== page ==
14 November 2019 | boblipton
A Bottle Of Scotch
Korea, 1950: the Chinese have just joined the war. John Payne's company of marines is ordered to march parallel to the main force, covering their retreat to the sea. It's a gloomy, snowy fighting retreat, no walk in the sun.
Allan Dwan's 402nd is a tough war movie shot in the wintery Sierra Nevada, with a bottle of Scotch whiskey linking back to San Francisco, where Payne's girl, Mona Freeman gave him the bottle in 1942, telling him to save it for an important occasion. It's an important bit of relief, providing some emotions to counterpoint the tough fighting scenes.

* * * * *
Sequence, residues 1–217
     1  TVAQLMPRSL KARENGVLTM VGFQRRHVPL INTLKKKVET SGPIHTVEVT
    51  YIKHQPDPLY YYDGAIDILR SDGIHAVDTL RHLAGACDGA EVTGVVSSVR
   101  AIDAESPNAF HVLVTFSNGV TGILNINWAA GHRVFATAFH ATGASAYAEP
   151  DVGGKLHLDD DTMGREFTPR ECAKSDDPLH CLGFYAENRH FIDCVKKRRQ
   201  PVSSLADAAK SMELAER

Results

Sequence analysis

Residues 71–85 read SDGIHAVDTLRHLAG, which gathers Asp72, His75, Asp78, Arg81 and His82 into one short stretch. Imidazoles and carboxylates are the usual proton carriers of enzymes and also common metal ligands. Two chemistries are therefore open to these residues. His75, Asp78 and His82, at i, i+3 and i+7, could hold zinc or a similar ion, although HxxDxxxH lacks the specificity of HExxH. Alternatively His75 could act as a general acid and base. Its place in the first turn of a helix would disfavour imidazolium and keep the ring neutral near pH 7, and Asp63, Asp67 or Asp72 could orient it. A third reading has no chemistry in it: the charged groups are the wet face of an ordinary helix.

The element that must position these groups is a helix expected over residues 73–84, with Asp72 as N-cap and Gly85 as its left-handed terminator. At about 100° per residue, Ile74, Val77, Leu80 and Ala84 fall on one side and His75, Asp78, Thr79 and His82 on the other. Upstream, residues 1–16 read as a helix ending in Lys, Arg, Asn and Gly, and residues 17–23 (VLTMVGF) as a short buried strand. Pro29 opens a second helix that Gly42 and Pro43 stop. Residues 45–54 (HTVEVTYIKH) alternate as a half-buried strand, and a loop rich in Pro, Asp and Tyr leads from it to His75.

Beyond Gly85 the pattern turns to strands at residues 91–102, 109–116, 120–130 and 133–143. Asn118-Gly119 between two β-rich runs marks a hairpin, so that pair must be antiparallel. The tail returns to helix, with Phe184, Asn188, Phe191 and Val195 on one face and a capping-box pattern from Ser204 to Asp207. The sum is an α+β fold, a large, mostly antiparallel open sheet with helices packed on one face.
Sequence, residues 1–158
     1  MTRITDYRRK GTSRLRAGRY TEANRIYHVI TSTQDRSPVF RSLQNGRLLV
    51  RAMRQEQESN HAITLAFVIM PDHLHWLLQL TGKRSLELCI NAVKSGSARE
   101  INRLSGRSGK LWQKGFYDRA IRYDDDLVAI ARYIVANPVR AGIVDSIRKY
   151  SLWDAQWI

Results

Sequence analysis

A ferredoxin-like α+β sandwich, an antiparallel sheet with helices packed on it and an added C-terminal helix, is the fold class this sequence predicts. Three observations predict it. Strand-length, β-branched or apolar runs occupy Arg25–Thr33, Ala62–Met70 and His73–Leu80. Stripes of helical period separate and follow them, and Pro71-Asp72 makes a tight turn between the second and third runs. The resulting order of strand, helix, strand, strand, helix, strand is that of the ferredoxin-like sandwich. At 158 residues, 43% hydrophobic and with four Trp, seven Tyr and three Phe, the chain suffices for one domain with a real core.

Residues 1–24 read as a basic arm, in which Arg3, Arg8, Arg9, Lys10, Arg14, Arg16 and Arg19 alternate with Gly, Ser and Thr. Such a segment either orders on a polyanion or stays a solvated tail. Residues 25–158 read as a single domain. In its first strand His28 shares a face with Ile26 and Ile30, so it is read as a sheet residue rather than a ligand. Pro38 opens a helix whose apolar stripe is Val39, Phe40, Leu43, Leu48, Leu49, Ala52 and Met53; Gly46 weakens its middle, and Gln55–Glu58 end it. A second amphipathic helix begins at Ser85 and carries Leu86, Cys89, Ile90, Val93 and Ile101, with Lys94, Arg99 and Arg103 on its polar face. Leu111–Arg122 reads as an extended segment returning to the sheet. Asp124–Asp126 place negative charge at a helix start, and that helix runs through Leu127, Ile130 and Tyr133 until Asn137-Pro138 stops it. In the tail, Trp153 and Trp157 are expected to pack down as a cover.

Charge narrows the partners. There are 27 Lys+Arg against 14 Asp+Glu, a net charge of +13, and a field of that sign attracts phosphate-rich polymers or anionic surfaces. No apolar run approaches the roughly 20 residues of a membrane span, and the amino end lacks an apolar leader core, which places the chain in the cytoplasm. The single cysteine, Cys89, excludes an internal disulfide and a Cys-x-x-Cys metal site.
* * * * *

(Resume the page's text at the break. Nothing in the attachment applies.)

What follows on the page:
Both Payne and Dwan were near the ends of their big-screen careers. Dwan would make five more movies through 1961. Payne four more over the next couple of years, and an outlier in 1968. Payne's career had begun in the middle of the 1930s, and for a decade or so, he played the handsome leading man, often in Fox musicals starring Betty Grable. In the latter half of the 1940s, he had moved into tough-guy roles, first in film noir, then in war movies as the increasingly grizzled veteran. In this one, he has a mix of half-misfits to lead, under conditions that cut his company to a couple of dozen wounded and exhausted men; the actors certainly look the parts, including Peter Graves as a lieutenant, Chuck Conners as his leading sergeant.